US Treasury official, Graham Steele, emphasizes the advantages of a retail CBDC backed by the Federal Reserve, providing safety during bank runs and stabilizing private sector lending.
Striking The Anonymity Balance
During a recent Texas payments conference, Graham Steele highlighted the significance of anonymity when contemplating the development of a future Central Bank Digital Currency in the United States.
Emphasizing the importance of privacy and anonymous transactions, Steele expressed the need to incorporate these considerations into the design of a digital dollar.
Speaking on June 13 at a conference focused on payments, the Assistant Secretary for Financial Institutions at the Treasury Department discussed the Federal Reserve’s controversial FedNow system and the potential implementation of CBDCs.
Steele stressed the necessity of addressing the preservation of privacy and anonymity, calling for an exploration of available technologies and methods, such as Privacy Enhancing Technologies, to ensure such protections are included in the potential design of a retail Central Bank Digital Currency.
In his speech, he carefully assessed the advantages and risks of a prospective Central Bank Digital Currency, recognizing its potential to foster a competitive payment landscape.
Exploring The Potential Of A Retail CBDC
Steele highlighted the potential advantages of a retail CBDC directly backed by the Federal Reserve. According to Steele, such a digital currency could offer a safer alternative for consumers during bank runs, potentially mitigating the risk of destabilizing private-sector lending.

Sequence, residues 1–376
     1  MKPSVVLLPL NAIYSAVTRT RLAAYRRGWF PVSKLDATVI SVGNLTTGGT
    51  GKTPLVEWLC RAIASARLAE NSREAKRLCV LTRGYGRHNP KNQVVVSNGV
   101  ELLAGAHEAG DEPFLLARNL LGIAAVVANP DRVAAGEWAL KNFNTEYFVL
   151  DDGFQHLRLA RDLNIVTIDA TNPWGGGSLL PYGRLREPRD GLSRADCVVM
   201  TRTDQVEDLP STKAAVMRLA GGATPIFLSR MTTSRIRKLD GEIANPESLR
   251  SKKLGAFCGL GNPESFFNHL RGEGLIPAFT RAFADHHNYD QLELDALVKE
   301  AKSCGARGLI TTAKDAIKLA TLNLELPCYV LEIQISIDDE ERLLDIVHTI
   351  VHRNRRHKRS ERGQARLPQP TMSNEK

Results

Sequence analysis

Drawing attention to recent banking crises, Steele noted that access to non-deposit alternatives outside the traditional banking system may have influenced the nature and speed of bank runs. While the United States has yet to make a definitive decision regarding pursuing a CBDC, a dedicated group led by the Treasury is currently evaluating the implications of introducing a Central Bank Digital Currency within the country.
Steele explained that this evaluation encompasses various policy objectives, including global financial leadership and national security considerations.
Turning to the Federal Reserve’s FedNow instant payments system, Steele expressed support for fostering multiple payment options; he thinks it may promote choice, competition, and resilience within the payments ecosystem. He anticipates that such an environment would encourage the development of innovative payment services and features.
However, the FedNow system has faced opposition from political figures. Robert F. Kennedy Jr. and Ron DeSantis, both presidential hopefuls, argue that its implementation could pave the way for a CBDC, which they believe would grant excessive control to the government.
In April, Federal Reserve Board governor Michelle Bowman expressed skepticism about the widespread justification of a CBDC beyond its application in interbank and wholesale transactions, deeming it challenging to envision its broader use.